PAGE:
Economic Order Quantity: Assumptions and formula
16 Sep 2021
Economic Order Quantity, also known as EOQ, is a production-scheduling model, which was first developed by an American production engineer Ford Whitman Harris in 1913. The purpose of EOQ is to determine the perfect order quantity that a company should choose for inventory purchases, which will minimize inventory handling and ordering costs.
What is Economic Order Quantity?
This formula aims to identify the maximum number of units so that an organization can minimize its costs in terms of storing, taking delivery, and buying the units. The formula is easily modified to gather information about varying production levels.
It has become a cash flow tool that can minimize the amount of cash and the inventory cost integrated into the inventory balance. The formula also calculates the inventory reorder point of an organization.
This helps the company as it avoids running out of inventory to fulfill all the orders promptly.
What does the Economic Order Quantity tell you?
The Economic Order Quantity (EOQ) aims to determine the optimal quantity of products to be ordered. As a result, ordering and handling costs are minimized.
EOQ is also a crucial tool when it comes to cash flow management. Businesses can use it to manage the financial resources tied up to the inventory balance. Because for many companies, inventory is one of the most significant assets. So, those businesses need to minimize inventory volumes to the level where it still meets the market needs but does not create unnecessary costs. Thus, by optimizing inventory levels, businesses can invest cash savings for other activities or assets.
Assumptions under the EOQ method
The Economic Order Quantity model holds certain assumptions on inventory practices and norms.
First of all, the EOQ model assumes that there is a demand certainty regarding that specific product. So, it ignores potential seasonal fluctuations and behavioral changes that can affect the annual market demand.
The second assumption is about the invariability of ordering and holding costs. The model supposes that the costs such as transportation expenses and warehouse rent either do not change or do not affect the ordering and handling costs, which is not entirely realistic.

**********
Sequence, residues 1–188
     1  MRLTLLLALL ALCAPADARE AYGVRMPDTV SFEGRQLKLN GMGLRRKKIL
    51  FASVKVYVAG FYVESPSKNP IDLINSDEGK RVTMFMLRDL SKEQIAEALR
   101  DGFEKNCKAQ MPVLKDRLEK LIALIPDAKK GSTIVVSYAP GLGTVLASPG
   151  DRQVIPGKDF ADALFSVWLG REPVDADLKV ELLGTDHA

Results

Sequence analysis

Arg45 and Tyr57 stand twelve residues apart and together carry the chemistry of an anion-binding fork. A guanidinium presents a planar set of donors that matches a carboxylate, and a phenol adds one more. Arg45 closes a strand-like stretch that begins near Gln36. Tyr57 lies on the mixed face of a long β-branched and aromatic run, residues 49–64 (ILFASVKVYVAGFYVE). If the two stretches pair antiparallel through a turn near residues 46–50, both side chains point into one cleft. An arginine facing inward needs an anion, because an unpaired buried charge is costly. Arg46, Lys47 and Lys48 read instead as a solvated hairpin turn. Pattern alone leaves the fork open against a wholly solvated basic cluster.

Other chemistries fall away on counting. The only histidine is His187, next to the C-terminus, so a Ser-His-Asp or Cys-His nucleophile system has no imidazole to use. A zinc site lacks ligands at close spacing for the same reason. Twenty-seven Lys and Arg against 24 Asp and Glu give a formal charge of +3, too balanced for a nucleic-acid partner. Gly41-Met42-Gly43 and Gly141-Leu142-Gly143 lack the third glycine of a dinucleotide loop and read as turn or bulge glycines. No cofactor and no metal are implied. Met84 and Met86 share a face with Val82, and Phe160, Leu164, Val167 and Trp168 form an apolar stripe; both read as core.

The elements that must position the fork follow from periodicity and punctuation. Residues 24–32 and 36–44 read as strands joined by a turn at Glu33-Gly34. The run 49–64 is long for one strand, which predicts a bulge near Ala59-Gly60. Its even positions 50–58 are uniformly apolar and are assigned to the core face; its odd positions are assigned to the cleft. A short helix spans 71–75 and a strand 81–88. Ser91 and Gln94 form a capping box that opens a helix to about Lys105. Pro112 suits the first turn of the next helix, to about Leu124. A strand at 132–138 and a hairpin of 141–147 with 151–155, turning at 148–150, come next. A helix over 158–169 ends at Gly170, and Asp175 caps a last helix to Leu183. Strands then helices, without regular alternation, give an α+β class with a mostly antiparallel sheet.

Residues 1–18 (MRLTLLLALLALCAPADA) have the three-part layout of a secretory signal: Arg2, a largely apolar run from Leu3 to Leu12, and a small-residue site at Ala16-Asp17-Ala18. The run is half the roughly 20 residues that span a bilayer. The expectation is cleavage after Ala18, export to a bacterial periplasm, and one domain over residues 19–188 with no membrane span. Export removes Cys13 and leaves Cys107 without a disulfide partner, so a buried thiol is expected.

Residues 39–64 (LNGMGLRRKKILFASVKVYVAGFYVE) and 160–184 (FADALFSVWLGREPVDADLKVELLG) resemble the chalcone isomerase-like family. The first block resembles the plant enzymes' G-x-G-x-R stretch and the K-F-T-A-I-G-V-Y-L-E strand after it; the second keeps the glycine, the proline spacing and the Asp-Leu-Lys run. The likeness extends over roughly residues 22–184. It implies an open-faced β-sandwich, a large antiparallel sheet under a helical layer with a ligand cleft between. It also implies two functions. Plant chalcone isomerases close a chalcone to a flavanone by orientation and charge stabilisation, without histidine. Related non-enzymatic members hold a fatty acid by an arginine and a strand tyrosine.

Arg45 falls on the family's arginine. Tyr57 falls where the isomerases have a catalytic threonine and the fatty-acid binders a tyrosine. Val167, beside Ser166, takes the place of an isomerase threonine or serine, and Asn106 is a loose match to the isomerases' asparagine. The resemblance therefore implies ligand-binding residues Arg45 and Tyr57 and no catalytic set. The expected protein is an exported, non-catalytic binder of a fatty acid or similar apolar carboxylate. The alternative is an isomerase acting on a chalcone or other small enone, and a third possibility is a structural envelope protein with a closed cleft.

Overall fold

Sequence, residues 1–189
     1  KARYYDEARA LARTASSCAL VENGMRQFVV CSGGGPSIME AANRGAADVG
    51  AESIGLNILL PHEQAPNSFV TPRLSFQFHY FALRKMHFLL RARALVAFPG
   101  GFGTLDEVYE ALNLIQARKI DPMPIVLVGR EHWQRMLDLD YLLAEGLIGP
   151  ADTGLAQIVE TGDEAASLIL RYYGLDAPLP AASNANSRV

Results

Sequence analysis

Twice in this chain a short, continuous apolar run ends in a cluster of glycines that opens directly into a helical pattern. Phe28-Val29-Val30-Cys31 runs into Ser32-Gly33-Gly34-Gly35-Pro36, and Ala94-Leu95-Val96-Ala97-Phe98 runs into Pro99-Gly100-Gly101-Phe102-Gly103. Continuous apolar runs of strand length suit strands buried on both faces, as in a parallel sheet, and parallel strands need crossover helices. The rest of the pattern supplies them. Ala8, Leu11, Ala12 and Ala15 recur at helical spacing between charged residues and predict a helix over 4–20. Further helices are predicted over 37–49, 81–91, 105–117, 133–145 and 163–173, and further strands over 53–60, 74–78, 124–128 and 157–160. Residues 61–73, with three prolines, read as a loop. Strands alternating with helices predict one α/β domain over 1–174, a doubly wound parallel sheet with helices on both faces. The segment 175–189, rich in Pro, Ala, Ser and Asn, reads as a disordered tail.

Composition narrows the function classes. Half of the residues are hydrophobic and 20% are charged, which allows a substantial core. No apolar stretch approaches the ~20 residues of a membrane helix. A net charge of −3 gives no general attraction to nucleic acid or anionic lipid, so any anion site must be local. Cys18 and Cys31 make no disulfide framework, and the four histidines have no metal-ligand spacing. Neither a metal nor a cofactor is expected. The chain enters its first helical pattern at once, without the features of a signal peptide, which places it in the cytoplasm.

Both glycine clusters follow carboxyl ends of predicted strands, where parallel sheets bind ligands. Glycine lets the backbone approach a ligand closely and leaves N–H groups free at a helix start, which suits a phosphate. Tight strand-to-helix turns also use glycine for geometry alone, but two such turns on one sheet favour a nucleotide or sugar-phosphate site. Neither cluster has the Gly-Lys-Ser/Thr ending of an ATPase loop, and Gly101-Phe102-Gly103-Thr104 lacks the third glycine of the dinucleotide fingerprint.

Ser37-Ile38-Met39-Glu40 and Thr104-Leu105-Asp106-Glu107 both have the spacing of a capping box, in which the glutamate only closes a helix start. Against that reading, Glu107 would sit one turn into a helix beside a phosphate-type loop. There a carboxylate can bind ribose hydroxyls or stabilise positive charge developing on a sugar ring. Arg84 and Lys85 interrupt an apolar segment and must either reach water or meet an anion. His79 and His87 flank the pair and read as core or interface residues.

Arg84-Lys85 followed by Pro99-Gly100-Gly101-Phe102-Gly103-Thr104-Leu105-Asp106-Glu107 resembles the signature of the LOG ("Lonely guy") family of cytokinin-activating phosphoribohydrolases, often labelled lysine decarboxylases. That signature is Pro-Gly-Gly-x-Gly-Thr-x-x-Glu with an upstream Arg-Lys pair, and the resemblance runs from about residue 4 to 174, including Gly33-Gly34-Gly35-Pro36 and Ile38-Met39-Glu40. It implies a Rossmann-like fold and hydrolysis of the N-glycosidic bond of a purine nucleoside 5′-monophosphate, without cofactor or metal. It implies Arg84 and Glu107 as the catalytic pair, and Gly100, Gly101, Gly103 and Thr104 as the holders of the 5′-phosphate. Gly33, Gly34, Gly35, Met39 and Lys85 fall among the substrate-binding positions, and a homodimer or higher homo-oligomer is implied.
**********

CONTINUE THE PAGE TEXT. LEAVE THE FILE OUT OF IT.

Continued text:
The third assumption relates to the absence of potential discounts. The Economic Order Quantity model does not consider that a business can receive discounts, for example, when ordering in larger quantities.
Economic Order Quantity formula and example
Q=2 x D x S / H
Q = EOQ (units)
D = Demand (units)
S = Ordering costs (per order)
H = Holding costs (per unit, annual)
Let’s further understand the main elements of the formula.
As the name suggests, ordering costs occur every time the company places an order with its supplier. Ordering costs are charged for each order, so the more times the orders are made, the higher the annual ordering cost. General ordering costs may include delivery fees, telephone charges, expenses related to the payment process, and inventory verifications.
Holding costs are otherwise referred to as carrying costs. These costs occur while the company owns the inventory in a warehouse, storage, or store. The larger are the ordered product volumes; the higher are the holding costs. Holding costs generally include storage rent, storage utilities, property tax, insurance, and other expenses.
EOQ formula in a practical example.
The company XYZ is a retail company operating in wine retail. Its forecasts tell that the market demand in a month is 10,000 bottles. The company has also calculated that the cost for one order is $1000, including all costs and expenses associated with it, such as transportation and labor expenses. The holding cost for a bottle of wine is $10, including insurance and storage costs.
The logistics manager has to determine the ideal quantity for an order to minimize the ordering and holding costs.
So, the economic order quantity formula is the following:
Q=2 x D x S / H
D, which is the annual demand, will equal the monthly demand multiplied by 12.
D = 10,000 x 12 = 120,000 bottles.
S is the setup costs, which in problem was referred to as ordering costs. It is $1,000.
Lastly, the H is the holding cost per unit, which is $10.
Inputting these data into the formula the manager will get the following:
Q=2 x 120,000 x 1,000 / 10= 4,899
So, the perfect quantity for an order, which will minimize inventory costs, is 4,899 units.
Advantages of the EOQ model
- Because the model helps determine the perfect quantity for an order, the company will not hold extremely high inventory levels. As a result, it will have lower holding costs and save money on rent and other expenses.
- The company will also get its ordering prices reduced. It will reduce the frequency of the orders to the optimal level. As a result, there will be no need for ordering too often.
- The EOQ improves the overall inventory management due to the reduction of operational expenses and increases in profits.
Disadvantages of the EOQ model
- There are assumptions under the model, which might not always be practical in real-life business scenarios. For example, the EOQ model assumes that the demand is fixed and does not consider its seasonal effects.
- Sometimes, the supplier might not fulfill the orders because of a lack of materials, for example. As a result, the company may face losses or supply chain challenges.